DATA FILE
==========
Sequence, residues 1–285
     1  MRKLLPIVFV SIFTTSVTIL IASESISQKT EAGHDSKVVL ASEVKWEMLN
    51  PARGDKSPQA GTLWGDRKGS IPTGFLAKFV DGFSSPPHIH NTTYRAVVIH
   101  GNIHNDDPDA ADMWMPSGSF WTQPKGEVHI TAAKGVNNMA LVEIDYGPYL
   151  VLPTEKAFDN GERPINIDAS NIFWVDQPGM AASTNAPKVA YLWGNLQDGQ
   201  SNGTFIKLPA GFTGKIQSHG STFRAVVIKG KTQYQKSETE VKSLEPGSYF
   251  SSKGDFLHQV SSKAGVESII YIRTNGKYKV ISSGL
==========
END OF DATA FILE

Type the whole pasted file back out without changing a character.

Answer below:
Sequence, residues 1–285
     1  MRKLLPIVFV SIFTTSVTIL IASESISQKT EAGHDSKVVL ASEVKWEMLN
    51  PARGDKSPQA GTLWGDRKGS IPTGFLAKFV DGFSSPPHIH NTTYRAVVIH
   101  GNIHNDDPDA ADMWMPSGSF WTQPKGEVHI TAAKGVNNMA LVEIDYGPYL
   151  VLPTEKAFDN GERPINIDAS NIFWVDQPGM AASTNAPKVA YLWGNLQDGQ
   201  SNGTFIKLPA GFTGKIQSHG STFRAVVIKG KTQYQKSETE VKSLEPGSYF
   251  SSKGDFLHQV SSKAGVESII YIRTNGKYKV ISSGL